Andrew McCann reveals how he manages his beloved garden despite his chronic illness

Andrew McCann was inspired by a trip to Rowallane  - he describes his garden as a 'magical rainforest in Craigavon during late spring'
Andrew McCann was inspired by a trip to Rowallane - he describes his garden as a 'magical rainforest in Craigavon during late spring'

Andrew McCann was inspired by a trip to Rowallane - he describes his garden as a ‘magical rainforest in Craigavon during late spring’

Andrew McCann started his garden nine years after moving house, and after a few ‘unsuccessful attempts’ was inspired by a trip to Rowallane gardens.

Andrew McCann started his garden nine years ago

Andrew McCann started his garden nine years ago

“It was not the gardens themselves but the plant stands that fascinated me. My wife and I had previously travelled through the rainforests of the Hong Kong islands, Sri Lanka and north eastern Australia and had loved the tropical scenery. So this was the style of garden I was going to create to remind us of happy travels,” Andrew explains. “But this is Northern Ireland and my garden soil was heavy. I started fanatically listening to the back catalogue of Gardener’s Corner, for tips and advice relevant to our climate.

“I should mention that three years previously I was diagnosed with having a rare vasculitis disease - one of the effects of which is chronic fatigue.

“I had the energy of an unfit 70 year old and I received a life changing piece of advice from an older gentleman in the Portadown gardening club.

“He said ‘don’t try and do it all in one day, its not like you have anything else to do over the next number of years, so take it slow and easy and you will get there in the end.’”

“Wise words indeed, and so over the course of the next five years I slowly added decking and paths.

“In a sense this worked out well as the planting established itself around my abilities to keep going and as the young plants grew they showed me where and when I could add more in the right place at the right space.

“Trees needed to be planted to form a shelter belt even on such a small plot as I have, unfortunately for coming generations I may have gotten a little excited - and now have 53 trees and three bamboos - one of which is a fast growing hedge (which still contained needs careful and diligent pruning in early spring).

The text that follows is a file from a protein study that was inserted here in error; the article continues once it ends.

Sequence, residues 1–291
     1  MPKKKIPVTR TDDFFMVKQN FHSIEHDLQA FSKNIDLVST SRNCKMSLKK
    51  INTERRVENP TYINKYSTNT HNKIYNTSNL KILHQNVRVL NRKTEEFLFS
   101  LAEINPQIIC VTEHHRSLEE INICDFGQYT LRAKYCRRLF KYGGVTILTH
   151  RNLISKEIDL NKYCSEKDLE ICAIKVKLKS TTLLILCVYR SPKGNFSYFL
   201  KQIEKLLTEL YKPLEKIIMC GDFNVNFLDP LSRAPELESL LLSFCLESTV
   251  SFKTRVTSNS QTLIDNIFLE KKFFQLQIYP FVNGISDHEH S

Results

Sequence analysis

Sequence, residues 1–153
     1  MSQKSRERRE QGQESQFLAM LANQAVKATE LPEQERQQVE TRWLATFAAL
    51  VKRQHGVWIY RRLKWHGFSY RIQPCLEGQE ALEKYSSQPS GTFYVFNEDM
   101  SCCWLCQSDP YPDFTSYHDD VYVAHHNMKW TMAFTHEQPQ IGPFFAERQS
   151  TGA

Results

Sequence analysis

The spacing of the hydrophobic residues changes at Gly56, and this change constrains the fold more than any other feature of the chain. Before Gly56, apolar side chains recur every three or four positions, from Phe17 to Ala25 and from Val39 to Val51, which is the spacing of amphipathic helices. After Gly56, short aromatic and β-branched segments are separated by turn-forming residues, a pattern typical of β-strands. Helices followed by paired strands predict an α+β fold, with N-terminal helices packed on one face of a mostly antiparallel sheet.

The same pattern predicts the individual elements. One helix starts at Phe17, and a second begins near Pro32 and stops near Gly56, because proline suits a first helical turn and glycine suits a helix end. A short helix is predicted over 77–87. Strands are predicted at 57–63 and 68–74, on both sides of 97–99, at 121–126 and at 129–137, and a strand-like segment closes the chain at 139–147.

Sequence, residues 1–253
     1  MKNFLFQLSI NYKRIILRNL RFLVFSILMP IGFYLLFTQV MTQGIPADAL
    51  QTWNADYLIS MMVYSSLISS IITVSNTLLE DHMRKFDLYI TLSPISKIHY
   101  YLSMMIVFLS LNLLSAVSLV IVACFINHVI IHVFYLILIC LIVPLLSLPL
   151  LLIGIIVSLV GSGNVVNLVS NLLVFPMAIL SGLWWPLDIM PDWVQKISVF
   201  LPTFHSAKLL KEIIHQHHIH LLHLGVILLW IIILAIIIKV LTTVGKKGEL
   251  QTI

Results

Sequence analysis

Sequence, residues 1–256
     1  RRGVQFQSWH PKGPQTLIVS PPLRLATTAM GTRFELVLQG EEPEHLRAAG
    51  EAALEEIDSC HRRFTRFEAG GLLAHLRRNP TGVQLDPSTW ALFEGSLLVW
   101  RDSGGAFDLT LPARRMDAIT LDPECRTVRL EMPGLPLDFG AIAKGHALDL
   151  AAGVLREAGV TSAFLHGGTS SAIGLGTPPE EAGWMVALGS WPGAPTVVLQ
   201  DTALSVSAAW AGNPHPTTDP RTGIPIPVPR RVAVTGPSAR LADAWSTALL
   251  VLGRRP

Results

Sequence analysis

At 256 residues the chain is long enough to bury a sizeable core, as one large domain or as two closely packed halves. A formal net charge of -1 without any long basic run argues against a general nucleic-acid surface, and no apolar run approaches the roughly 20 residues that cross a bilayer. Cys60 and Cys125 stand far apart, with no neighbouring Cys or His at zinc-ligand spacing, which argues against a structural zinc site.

“My biggest disaster has been planting an Acacia Dealbata Pupurea next to the house, this tree not being hardy and prone to wind scorching should not have survived or at least not have grown above the height of the wind breaking bamboo. Yes you’ve guessed it, in two years it has grown to the height of our two storey house and is quite happy to continue growing all year round.

“The garden truly is a jungle in high summer, the lonely rheum has been joined by some friends and also a few rhubarbs, and friends and neighbours are told that they are welcome to forage.

“The colour scheme of the garden is largely green and purple with an emphasis on leaf structure and texture and it remains so all year round with winter colour coming from Fatsia Japonica Scheffluras and purple Phormiums and Cordyllines and of course the Bamboos.

“The garden is not without flowers though some are there by happenstance but some like the Crocosmia are planted within the bamboo to give flashes of red in the summer winds. I do have one single daffodil the only survivor from a pack of 100 and it proudly stands out as the gunnera manicata trys to devour it.

“The right plant in the right place has always been a challenge for me as many of the plants that I have detest heavy wet clay, so I have adapted small areas, changing the soil structure to suit the plants.”

“The biggest headache has been protecting the bananas (Musa Bajoo), which were obtained on a trip to the Scottish Highlands of all places and the tree ferns (Dickensonia Antartica) which do not tolerate temperatures below 5 degrees well.

“However, I seem to have achieved my goal of a near perfect microclimate as the bananas survived as did three house plants that I also forgot to bring inside.

“Every garden should have a water feature but I have long decided that there will be no more digging so the retaining wall at the raised patio was turned into a mural of an abstract water feature and it is changed every few years to reflect the changes within the garden as it grows in maturity.

“Surprisingly hardy plants have been the Schefflura, Korean black ferns, Pseudopanex crassifolus and as mentioned earlier the Aacia Dealbata Pupurea.

“All in all I think that there are about 150 different plant species in the garden comprising mostly of ferns, phormiums, acers, Fatsias, Hostas and many of our native plants which thrive in shade along with climbers and ramblers.

“To most observers it seems totally random and messy but sit for a while and your eye begins to be taken on a journey through the greenery by purple and brown accents dotted at strategic points and with dual planting of these plants between front and back gardens there is I hope a seamless transition as one wanders through this tiny garden.

“I love the surprise in late spring when the covers come off the ferns and the new fronds unfold. They are just magical in appearance and signal hope, new life and the promise of an imaginary hot and sultry summer in a rainforest in Craigavon.”